We use elections data in which a large number of ties in vote counts between candidates are resolved via a lottery to study the personal incumbency advantage. We benchmark non-experimental regression discontinuity design (RDD) estimates against the estimate produced by this experiment that takes place exactly at the cutoff. The experimental estimate suggests that there is no personal incumbency advantage. In contrast, conventional local polynomial RDD estimates suggest a moderate and statistically significant effect. Bias-corrected RDD estimates that apply robust inference are, however, in line with the experimental estimate. Therefore, state-of-the-art implementation of RDD can meet the replication standard in the context of close elections.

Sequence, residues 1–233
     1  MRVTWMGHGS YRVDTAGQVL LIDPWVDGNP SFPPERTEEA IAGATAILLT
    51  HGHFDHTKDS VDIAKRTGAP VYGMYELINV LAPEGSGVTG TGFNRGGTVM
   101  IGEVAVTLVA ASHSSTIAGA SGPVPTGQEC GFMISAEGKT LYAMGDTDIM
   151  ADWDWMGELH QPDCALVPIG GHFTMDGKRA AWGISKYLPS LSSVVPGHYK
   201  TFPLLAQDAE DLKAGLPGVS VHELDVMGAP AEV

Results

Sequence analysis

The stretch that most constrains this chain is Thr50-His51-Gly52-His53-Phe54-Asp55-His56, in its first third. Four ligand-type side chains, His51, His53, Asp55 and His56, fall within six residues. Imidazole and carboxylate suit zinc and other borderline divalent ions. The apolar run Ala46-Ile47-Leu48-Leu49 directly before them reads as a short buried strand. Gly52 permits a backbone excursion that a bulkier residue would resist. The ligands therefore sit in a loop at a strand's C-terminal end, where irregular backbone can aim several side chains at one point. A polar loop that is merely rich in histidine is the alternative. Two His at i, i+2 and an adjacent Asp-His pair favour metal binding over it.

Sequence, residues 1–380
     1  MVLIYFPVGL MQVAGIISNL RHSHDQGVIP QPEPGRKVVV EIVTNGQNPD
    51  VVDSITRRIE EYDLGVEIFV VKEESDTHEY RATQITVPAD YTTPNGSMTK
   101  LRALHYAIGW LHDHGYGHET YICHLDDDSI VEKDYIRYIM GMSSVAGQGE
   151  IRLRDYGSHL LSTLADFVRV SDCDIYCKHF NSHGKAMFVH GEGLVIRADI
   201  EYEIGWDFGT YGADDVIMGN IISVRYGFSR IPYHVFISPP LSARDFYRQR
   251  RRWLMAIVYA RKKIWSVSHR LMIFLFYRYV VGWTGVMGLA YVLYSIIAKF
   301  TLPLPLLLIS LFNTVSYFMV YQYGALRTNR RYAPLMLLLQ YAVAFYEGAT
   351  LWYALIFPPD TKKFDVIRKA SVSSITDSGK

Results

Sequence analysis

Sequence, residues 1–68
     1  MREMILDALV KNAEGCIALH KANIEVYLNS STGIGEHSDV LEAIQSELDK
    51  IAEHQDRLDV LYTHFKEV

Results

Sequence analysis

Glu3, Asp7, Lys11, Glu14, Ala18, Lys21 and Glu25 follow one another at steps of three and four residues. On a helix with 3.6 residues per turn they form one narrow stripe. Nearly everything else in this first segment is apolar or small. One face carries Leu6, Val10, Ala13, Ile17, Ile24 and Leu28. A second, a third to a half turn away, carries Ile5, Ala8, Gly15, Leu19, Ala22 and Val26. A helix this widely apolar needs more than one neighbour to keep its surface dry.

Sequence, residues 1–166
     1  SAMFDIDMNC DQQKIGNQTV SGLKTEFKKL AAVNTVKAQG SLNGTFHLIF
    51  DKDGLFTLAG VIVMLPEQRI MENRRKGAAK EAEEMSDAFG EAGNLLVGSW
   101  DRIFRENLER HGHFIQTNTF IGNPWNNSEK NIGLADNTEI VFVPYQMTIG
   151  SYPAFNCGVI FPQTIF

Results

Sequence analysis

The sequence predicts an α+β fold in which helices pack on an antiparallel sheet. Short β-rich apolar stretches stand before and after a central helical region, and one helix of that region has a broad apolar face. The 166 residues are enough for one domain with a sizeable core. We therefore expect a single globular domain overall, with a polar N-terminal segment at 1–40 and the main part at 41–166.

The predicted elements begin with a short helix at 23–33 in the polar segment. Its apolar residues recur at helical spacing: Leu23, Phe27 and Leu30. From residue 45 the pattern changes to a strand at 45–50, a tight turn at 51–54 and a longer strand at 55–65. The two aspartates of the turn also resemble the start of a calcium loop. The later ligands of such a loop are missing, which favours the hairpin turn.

Hyytinen, A., Meriläinen, J., Saarimaa, T., Toivanen, O., & Tukiainen, J. (2018). When does Regression discontinuity design work? Evidence from random election outcomes. QUANTITATIVE ECONOMICS, 9(2), 1019-1051. https://doi.org/10.3982/QE864